Mianyang-Billingslea (Billingslea) emphasized one of the locations when introducing NATO allies to the place where China designed nuclear weapons. Lewis added that it is no secret that China, like the United States, Russia, and other nuclear-weapon states, has a powerful simulation program that can maintain its stockpiles without testing.

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A NATO spokesperson declined to comment on the meeting. A senior official with a NATO member state told CNN, “Obviously we are all paying attention to this,” but he said that the meeting ended without a clear US request or action plan.

Despite the progress made in reducing nuclear arsenals during the Cold War, the world’s total inventory of nuclear warheads is still at a very high level, although the number is decreasing. Russia and the United States have approximately 91% of nuclear warheads, and Russia and the United States each have approximately 4,000 warheads in their military reserves.

In other words, the United States, Russia, and the United Kingdom are reducing their total warhead inventory, France and Israel have relatively stable inventories, while China, Pakistan, India, and North Korea are increasing the number of warheads they own. American scientist. This is particularly disturbing for Washington and other allies who have seen an increase in border disputes between China, India and Pakistan.

The Pentagon lists China’s warhead inventory as “low 200,” although since the Pentagon’s latest estimate from 2019 only includes “combat” warheads, this number is considered higher. In contrast, Russia’s total inventory is believed to exceed 6,000 warheads, while the United States currently has only 5,800 warheads.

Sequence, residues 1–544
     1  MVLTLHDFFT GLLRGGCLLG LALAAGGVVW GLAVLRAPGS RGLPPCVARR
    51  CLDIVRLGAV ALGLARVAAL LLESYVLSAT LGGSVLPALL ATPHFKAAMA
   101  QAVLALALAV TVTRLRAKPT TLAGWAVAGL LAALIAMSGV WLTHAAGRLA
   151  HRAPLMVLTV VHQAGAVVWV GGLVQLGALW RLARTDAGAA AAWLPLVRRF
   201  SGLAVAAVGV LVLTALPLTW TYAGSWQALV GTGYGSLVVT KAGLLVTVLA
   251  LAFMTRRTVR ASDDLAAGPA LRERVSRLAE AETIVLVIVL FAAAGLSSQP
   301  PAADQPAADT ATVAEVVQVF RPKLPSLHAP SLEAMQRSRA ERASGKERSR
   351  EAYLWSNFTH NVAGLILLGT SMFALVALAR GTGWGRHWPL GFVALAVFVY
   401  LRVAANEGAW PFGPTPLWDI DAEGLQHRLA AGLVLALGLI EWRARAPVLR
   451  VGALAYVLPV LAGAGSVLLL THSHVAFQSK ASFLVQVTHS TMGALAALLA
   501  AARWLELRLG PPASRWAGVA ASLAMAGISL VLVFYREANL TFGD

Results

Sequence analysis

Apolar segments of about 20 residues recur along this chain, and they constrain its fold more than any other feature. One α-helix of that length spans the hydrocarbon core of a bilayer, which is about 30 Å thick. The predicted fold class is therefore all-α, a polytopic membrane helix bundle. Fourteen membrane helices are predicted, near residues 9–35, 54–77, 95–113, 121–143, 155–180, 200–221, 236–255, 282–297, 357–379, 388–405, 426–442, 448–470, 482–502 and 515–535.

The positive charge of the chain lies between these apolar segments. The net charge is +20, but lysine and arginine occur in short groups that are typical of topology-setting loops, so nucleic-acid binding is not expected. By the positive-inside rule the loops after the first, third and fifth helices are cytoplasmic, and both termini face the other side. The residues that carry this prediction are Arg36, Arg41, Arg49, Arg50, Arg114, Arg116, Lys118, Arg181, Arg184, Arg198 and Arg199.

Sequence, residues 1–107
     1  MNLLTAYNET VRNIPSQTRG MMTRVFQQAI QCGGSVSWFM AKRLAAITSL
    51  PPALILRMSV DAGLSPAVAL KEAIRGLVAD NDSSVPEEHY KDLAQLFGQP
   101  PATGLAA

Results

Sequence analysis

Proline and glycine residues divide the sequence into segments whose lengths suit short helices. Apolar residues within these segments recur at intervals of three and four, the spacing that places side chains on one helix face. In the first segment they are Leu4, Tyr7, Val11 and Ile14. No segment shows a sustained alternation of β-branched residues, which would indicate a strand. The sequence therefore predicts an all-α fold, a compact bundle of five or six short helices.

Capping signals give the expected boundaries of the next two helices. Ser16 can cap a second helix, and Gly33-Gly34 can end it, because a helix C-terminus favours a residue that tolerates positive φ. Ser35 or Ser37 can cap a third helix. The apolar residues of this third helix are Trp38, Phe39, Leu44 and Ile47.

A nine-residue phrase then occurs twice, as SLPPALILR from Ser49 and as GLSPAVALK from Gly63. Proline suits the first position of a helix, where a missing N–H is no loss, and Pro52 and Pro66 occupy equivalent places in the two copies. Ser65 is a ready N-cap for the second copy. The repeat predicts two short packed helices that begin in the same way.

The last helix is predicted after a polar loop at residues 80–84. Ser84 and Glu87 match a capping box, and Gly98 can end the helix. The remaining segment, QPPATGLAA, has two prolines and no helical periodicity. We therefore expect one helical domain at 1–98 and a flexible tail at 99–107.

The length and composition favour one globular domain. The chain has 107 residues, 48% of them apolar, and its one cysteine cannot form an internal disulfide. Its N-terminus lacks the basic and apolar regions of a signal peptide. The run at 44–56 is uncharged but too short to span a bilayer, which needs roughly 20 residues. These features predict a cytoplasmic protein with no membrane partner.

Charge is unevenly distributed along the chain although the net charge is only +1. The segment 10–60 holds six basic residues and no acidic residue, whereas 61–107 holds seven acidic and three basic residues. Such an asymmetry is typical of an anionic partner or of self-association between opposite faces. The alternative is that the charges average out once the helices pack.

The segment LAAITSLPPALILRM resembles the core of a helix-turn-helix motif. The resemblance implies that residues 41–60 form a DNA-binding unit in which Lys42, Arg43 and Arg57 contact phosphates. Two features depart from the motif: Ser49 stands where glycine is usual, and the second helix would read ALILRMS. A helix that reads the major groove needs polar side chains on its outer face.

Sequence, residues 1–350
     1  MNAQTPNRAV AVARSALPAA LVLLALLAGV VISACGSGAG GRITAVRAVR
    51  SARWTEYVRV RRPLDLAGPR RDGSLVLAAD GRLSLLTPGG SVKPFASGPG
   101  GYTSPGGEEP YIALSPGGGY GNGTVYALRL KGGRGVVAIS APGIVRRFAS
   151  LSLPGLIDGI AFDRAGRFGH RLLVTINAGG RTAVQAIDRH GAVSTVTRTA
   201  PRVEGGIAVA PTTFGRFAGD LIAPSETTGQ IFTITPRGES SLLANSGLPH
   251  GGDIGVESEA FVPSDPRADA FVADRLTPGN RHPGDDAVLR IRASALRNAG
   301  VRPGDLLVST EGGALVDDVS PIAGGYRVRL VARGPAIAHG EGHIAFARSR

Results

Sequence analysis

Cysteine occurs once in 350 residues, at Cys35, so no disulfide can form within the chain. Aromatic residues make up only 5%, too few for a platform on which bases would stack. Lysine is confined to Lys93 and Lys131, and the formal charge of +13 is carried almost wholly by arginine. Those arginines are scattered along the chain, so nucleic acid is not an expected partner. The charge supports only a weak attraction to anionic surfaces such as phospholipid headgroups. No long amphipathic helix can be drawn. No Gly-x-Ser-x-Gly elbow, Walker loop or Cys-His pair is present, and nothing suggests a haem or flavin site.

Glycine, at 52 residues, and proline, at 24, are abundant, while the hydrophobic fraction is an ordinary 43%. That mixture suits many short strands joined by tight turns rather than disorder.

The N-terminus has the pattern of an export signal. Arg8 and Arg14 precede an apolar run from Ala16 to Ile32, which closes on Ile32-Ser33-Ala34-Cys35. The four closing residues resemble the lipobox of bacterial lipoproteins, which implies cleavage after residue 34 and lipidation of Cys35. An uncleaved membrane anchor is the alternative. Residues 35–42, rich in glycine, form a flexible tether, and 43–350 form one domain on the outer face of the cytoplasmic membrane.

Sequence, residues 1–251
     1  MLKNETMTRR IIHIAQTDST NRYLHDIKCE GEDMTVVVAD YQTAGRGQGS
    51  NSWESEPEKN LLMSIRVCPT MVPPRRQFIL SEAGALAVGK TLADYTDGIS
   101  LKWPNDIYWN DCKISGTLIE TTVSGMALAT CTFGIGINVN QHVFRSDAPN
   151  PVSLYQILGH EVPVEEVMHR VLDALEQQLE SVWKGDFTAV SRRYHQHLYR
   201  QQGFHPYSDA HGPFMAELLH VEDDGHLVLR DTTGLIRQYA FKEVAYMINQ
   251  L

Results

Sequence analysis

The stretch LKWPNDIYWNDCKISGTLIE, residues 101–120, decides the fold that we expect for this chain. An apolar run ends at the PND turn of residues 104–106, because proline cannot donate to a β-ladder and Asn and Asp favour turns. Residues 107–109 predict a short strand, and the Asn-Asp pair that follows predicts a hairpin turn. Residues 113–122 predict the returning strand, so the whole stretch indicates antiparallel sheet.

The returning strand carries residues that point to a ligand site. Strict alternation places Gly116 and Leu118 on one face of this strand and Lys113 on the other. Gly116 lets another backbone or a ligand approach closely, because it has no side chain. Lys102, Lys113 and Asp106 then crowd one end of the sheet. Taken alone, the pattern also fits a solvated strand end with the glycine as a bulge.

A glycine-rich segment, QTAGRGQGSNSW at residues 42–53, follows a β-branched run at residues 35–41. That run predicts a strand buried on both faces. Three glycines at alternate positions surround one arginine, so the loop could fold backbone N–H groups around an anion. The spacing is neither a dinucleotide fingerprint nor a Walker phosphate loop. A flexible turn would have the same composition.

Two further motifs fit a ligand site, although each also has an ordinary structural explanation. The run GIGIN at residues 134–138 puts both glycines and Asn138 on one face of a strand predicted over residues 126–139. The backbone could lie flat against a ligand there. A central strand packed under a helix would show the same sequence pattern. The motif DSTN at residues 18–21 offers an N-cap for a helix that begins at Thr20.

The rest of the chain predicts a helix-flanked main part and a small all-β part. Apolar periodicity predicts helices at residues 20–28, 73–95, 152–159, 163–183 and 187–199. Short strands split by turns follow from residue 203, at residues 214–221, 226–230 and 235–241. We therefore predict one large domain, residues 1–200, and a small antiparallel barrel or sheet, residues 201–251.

Russia expressed its willingness to freeze its nuclear arsenal to expand its arms treaty with the United States
The Pentagon stated in September that China is trying to at least double the number of nuclear warheads in its nuclear arsenal within the next ten years, and its military strength has reached or surpassed the United States in a series of key areas.

Billingslea has made outreach efforts to China on its nuclear program, but the Chinese have not responded, and their enthusiasm for nuclear negotiations with the United States or Russia is very small. All the while, in recent weeks, with the expiration of the new “START” agreement aimed at reducing the risk of war between Russia and the West in February 2021, progress has been made in efforts to encourage Russians to participate in arms control discussions.

Russian President Vladimir Putin and Trump’s democracy challenger, former Vice President Joe Biden, both said they wanted to expand the treaty. However, Trump stated that he would only agree to an extension if both parties also agreed to freeze all warhead inventories. Putin said he would consider freezing all warhead stocks, although officials said it is not yet clear how sincere he is with this promise.

The United States has previously proposed that Russia sign a presidential memorandum, which will become the blueprint for the next comprehensive agreement and cover the United States’ concerns, including China’s nuclear potential and Russia’s tactical nuclear weapons.

Ryan Browne of CNN contributed to this report.